Jon Stewart Again Goes After Wall Street to Cover for Teachers Unions

The left-wing comedian Jon Stewart is at it again after ripping conservative Republicans for going after public sector collective bargaining. Stewart updated the situation in Wisconsin Thursday night on the "Daily Show," reporting on Wisconsin Gov. Scott Walker introducing his new budget proposals.

"He has put public sector unions on notice, and particularly teachers, that the gravy train is over – even if the gravy is actually lunchroom cafeteria-grade gravy-like rehydrated soy chips," Stewart spun, painting the comfortable pensions and benefits of Wisconsin public school teachers as dog food compared with infamous Wall Street bonuses. He also shifted the debate – instead of going after public sector unions, conservatives somehow are anti-teacher, according to Stewart's logic.
 

Playing clips from CNBC, Fox Business, and Fox News as his cannon fodder, the comedian failed to give credence to the point that the public sector union benefits might indeed be unsustainable, and that not all people working on Wall Street are money-hoarding thieves. But he descended once again into his simplistic "Robin Hood vs. Prince John" tunnel vision.

Referring to people making over $250,000 a year, who were exempted from a tax increase this past January, Stewart sarcastically joked that "they're not big-shot teachers with their... desks, and seemingly endless supply of multi-colored construction papers."

He also ignored the fact that many of the Wall Street banks that received bailout money paid it back with interest.

"Bankers are not suckling from the taxpayers teat! Except, of course, for the billions of gallons of taxpayer bailout teat milk they sucked on so voraciously," the anchor snidely remarked. "We have got to pay those bailed-out firm CEOs top-dollar! Otherwise those companies could wind up being run by a couple of jackasses who f*** things up so royally it torpedos the entire global economy," he sarcastically ranted.

A transcript of the segment, which aired on March 3 at 11:01 p.m. EST, is as follows:

JON STEWART: It is a battle to balance Wisconsin's budget. Gov. Scott Walker has finally put his proposals on the table. He is, in addition to stripping teachers and public workers of most of their collective bargaining rights, cutting 800 million dollars from the Wisconsin public schools budget over the next two years, as well as restricting local municipalities the ability to make up property taxes to make up for any shortfalls. In essence, he has put public sector unions on notice, and particularly teachers, that the gravy train is over. Even if the gravy is actually lunchroom cafeteria-grade gravy-like rehydrated soy chips. (...) We all are in it together! All of us have to sacrifice! Teachers, teachers assistants, student-teachers, retired teachers, school janitors, Everybody has to sacrifice. Why teachers? Well, as Republicans and their kin in the media know – you gots to follow the money.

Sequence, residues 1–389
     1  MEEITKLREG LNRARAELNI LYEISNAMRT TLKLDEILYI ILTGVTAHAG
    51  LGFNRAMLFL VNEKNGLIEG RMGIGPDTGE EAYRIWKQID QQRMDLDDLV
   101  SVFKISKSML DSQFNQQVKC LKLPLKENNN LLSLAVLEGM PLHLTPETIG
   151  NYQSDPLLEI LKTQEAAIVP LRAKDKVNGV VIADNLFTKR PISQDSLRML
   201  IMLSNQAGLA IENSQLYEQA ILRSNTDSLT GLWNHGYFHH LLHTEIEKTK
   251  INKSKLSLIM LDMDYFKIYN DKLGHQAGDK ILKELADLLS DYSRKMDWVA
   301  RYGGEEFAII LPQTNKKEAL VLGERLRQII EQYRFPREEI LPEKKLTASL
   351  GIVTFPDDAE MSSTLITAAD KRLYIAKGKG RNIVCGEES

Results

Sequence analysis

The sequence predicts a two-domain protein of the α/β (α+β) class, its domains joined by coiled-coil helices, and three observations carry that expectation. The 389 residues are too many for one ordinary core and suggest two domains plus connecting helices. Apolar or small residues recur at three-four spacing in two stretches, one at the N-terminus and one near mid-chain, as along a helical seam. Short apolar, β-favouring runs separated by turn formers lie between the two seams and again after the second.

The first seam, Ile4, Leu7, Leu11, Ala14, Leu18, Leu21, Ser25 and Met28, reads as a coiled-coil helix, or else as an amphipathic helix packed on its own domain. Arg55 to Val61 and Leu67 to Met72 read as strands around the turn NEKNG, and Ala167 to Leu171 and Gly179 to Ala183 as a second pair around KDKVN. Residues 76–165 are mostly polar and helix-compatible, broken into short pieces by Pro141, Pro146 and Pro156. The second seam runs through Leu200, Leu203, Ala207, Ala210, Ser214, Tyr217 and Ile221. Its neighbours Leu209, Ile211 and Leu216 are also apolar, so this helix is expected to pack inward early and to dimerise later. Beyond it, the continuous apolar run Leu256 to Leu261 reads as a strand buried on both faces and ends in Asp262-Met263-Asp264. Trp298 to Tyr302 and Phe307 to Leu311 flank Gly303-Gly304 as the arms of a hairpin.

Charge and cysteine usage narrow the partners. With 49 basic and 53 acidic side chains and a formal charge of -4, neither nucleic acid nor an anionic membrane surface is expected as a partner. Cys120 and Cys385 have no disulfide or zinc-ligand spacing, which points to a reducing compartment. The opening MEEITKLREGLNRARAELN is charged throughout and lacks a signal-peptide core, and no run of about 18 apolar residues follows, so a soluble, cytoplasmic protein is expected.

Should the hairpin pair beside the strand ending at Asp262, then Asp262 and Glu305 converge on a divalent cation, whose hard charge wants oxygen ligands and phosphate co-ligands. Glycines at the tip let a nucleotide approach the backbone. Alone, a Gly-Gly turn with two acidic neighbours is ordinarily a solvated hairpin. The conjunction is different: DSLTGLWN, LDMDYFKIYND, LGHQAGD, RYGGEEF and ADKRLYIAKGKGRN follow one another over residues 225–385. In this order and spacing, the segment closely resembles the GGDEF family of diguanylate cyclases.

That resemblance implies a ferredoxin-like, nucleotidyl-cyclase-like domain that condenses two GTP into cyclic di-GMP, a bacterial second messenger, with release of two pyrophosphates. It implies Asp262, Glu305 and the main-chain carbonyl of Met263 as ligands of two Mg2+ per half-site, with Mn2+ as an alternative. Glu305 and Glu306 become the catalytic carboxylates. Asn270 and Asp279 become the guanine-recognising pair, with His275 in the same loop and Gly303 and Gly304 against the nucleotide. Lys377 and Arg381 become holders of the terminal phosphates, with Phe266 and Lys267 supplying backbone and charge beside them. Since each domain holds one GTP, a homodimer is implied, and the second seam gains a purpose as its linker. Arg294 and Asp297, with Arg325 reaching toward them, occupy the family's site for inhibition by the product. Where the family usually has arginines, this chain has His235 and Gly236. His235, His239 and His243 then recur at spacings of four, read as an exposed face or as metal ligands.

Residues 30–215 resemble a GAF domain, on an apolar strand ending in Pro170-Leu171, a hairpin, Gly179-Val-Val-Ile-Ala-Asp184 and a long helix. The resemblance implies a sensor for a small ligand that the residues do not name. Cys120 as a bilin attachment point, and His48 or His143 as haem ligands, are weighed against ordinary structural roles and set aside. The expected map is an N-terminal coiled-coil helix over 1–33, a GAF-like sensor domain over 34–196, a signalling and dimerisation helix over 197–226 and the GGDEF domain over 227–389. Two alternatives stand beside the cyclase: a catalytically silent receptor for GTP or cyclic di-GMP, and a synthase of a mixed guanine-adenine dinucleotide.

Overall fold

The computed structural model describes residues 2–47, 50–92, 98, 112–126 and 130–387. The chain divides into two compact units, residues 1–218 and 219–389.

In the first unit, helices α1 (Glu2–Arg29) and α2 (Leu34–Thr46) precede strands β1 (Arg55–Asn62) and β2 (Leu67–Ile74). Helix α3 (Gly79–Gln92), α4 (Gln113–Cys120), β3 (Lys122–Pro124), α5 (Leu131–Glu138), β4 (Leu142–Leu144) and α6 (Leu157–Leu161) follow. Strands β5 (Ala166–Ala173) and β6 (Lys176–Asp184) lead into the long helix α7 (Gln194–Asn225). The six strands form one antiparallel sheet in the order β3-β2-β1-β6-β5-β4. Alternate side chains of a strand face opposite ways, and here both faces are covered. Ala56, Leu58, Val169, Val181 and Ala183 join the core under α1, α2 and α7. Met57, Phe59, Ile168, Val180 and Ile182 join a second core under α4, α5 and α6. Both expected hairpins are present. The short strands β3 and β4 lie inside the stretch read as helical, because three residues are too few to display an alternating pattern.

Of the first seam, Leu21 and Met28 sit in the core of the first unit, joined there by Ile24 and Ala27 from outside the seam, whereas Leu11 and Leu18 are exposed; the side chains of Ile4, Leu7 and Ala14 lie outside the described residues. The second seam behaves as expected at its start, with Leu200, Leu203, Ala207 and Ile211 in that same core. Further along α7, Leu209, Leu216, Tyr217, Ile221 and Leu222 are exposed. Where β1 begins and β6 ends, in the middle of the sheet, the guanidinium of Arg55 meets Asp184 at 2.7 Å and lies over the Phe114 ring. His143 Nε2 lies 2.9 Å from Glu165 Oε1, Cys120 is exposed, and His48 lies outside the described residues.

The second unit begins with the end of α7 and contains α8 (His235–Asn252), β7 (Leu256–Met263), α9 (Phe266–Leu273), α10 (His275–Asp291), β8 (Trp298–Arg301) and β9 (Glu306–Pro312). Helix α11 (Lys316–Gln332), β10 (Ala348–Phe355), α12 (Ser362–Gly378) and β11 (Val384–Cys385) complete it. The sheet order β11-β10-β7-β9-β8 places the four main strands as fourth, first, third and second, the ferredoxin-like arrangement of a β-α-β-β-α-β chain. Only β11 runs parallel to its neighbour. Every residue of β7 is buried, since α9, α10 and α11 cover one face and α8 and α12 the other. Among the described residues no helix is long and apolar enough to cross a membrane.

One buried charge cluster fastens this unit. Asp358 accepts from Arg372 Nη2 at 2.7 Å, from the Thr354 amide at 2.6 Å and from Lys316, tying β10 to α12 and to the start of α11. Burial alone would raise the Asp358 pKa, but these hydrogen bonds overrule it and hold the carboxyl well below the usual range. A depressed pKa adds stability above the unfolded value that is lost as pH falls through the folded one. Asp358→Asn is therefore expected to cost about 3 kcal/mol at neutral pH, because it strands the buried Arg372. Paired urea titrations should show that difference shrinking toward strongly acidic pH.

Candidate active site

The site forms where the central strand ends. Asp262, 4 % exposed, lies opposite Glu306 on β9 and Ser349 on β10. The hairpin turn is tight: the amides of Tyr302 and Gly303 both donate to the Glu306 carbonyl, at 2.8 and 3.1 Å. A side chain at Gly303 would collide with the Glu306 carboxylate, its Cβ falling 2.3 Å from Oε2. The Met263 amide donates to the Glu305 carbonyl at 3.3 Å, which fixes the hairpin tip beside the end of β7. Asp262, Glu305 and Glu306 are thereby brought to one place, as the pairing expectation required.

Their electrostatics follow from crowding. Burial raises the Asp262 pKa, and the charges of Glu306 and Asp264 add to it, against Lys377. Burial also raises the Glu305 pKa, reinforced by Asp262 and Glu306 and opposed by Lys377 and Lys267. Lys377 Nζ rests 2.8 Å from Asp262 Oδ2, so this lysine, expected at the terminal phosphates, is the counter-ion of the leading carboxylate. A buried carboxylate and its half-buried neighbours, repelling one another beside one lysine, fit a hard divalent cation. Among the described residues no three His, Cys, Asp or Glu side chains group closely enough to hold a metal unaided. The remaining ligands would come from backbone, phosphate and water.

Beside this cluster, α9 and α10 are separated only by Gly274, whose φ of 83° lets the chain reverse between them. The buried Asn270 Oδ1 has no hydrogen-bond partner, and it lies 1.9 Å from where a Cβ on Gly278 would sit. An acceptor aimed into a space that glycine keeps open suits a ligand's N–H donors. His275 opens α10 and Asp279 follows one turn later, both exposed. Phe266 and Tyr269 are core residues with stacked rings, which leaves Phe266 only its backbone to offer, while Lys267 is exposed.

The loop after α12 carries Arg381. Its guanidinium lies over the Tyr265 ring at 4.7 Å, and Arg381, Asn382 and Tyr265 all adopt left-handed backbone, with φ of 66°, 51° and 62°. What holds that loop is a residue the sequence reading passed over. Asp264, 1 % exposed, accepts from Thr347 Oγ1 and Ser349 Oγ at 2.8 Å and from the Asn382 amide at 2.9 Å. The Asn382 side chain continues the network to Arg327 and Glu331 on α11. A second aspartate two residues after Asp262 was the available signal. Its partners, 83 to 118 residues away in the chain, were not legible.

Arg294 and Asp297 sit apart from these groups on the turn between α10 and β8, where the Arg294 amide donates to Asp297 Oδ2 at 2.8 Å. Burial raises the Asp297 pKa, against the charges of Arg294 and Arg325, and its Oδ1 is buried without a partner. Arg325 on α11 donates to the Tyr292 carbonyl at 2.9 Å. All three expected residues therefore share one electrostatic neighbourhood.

(Video Clip) (...) NARRATOR: We're talking a 90,000 dollar, nine months worth of work all-in package. Boy, it sounds pretty darn good to the 14 million people out of work. (End Video Clip)

STEWART: You know what? That does sound great to someone without a job. And did you know, you're not even going to believe this. Some of these fat-cat public school kids are getting a hot breakfast free every morning. I bet starving people'd like a piece of that action, don't you think? But point taken. These folks just want teachers to give back. Because they believe that $50,000 a year in salary plus medical and dental benefits are incredibly generous, bordering on avarice. And I imagine these same people will feel the same way about couples earning more than $250,000 a year being asked to allow the Bush tax cuts to expire so that they would have to pay a slightly higher federal income tax rate.

(Video Clip) LAWRENCE KUDLOW: Is the $250,000 income level really rich in America?

BRIAN KILMEADE: How can anybody claim if you make $250,000 that you're a millionaire?

FOX BUSINESS ANCHOR: $250,000 is not rich for a family of four sending kids to college. It actually is close to poverty.

Rep. MICHELLE BACHMANN (R-Minn.): People want to think that these are millionaires sitting in leather chairs lighting their cigars with hundred dollar bills. That's not what we're talking about. (End Video Clip)

STEWART: No that is not. (Laughter) Not when it comes to the Bush tax cuts. They're not big-shot teachers with their... desks, and seemingly endless supply of multi-colored construction papers. Oh, and their no. 2 pencils. I guess no. 3 pencils aren't good enough for your majesty. And don't even try – don't e-ven try – and compare teachers to Wall Street. No contest. (...)

See the difference? Regardless of the greed-based, almost slightly socio-pathic job bankers did wrecking our economy, those people were there every single day, 12 months a year. Not that nine month bulls***. And, we the taxpayers have a right to cut teachers' salaries and benefits. They work for us! Bankers are not suckling from the taxpayers teat! Except, of course, for the billions of gallons of taxpayer bailout teat milk they sucked on so voraciously. Hey, I wonder how those same people who would have the government limit teacher pay and benefits would feel about the government limiting CEO pay at bailed-out-with-taxpayer-money firms. (...) Absolutely. We have got to pay those bailed-out firm CEOs top-dollar! Otherwise those companies could wind up being run by a couple of jackasses who f*** things up so royally it torpedos the entire global economy. Would you want that to happen? I don't think you would!

 

Matt Hadro
Matt Hadro
Matt Hadro was a News Analyst for the Media Research Center's News Analysis Division from 2010 through early 2014